Jeffrey Joerres on ManpowerGroup and the Jobs Outlookby
Joerres, CEO since 1999, talks to Carol Hymowitz about taking ManpowerGroup from a provider of temporary employees to a full-service recruiter, outsourcer, and trainer operating in 82 countries.
Is 8 percent unemployment the new normal?
We’re going to struggle to get back to the Holy Grail of 5 percent unemployment. You need more growth today than in the past to produce the same amount of jobs. There are so many more efficiencies in the way we work. Companies are squeezing out a lot more with less. And just think of the innovations that created jobs in the past vs. today. When the railroad was invented, that created tens of thousands of jobs. Fast-forward to Instagram, which had just 13 employees.
Many companies are sitting on a lot of cash. Why aren’t they hiring?
There’s so much uncertainty confronting us right now. There’s the debt crisis in Europe, the fiscal cliff in the U.S., rumblings of a slowdown in China, the U.S. presidential election, and health-care costs coming in that can’t yet be calculated. We’re still in slowdown hiring mode, but it will become a pause if all these uncertainties keep stacking up.
Are you hiring at Manpower?
We’re only hiring if we win an engagement or have work with a client. But we’re not going to add employees if we don’t have revenue to support them. Still, this isn’t 2008, where there was a panicked look in the eyes of our clients and total paralysis. There’s worry right now, but not panic.
What was your first job?
During and then after college, I got a job at IBM installing typewriters. It was 1983, a recession year, and I felt immensely lucky, especially because they offered me a tremendous amount of organized training. I had a mentor assigned to me. I reported to some great managers who were trained to beat up on you and develop you. Today young people need a lot more self-awareness. The steps aren’t mapped out for them.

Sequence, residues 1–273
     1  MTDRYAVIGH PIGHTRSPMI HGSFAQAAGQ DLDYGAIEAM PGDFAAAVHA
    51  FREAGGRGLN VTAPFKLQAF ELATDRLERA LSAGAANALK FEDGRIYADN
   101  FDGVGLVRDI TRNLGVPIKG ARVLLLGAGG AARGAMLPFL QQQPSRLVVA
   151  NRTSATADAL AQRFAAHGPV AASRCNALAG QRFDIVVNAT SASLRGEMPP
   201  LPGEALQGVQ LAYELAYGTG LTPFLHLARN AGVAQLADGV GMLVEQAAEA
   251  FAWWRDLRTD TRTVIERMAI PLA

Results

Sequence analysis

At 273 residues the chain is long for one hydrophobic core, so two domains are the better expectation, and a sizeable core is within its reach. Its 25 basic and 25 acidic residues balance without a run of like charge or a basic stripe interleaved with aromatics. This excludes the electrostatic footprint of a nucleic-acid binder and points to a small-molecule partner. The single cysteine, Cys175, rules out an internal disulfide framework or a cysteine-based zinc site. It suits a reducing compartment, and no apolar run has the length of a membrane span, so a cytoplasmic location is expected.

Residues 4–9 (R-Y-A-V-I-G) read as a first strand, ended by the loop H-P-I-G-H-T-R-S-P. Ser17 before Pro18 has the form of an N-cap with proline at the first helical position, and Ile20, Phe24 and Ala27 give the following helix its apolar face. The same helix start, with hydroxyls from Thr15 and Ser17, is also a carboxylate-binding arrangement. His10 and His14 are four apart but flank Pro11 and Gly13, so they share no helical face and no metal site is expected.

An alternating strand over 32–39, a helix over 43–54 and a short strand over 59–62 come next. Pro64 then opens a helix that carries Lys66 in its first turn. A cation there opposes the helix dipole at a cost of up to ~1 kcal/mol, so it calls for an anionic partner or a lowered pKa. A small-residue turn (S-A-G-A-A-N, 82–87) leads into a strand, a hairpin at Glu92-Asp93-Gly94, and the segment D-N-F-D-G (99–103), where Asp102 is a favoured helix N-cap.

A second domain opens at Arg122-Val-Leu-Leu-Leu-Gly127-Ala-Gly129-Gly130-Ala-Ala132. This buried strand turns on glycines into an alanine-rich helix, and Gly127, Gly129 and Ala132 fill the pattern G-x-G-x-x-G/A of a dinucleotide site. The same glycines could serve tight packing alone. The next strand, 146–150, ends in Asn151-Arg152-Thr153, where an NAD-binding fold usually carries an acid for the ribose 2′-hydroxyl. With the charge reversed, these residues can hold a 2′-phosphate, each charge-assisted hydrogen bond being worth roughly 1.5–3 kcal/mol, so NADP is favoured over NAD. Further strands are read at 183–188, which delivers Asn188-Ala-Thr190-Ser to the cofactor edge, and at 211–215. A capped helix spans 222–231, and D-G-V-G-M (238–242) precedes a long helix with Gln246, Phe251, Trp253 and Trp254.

Is it different being unemployed today than it was 10 years ago?
We didn’t used to have so much long-term unemployment, and the skill atrophy of this group has changed. Being out of work for three years today is like being out of work for eight years a decade ago. Companies are using new technology and changing the way they work so quickly today that the longer you’re on the sidelines, the harder it is to get back into the workplace—and sometimes it’s impossible. There are no replacements for experience. When we have a potential workforce that is not in the flow, not on their canoe paddling down the river, learning how to navigate these rapids in the ever-changing depth of water, and then you put them into the canoe, they’re not going to do very well.
Is there a solution?
We need to change the conversation from job security to employment security. People have to think if the job they’re in now goes, they can get a different one. That means training and retraining people for the jobs that need to be filled—and not two years after they lose a job, but while they’re still working or as soon as they’re unemployed. And that requires a partnership between government and business.
What’s your view of the economic outlook over the next year?
A year from now we’re going to be feeling better. Europe needs to work itself out, and it won’t be completely done in a year, but it will be feeling better. The U.S. will have the election behind it, and that helps. It just takes some of the uncertainty out regardless of the outcome.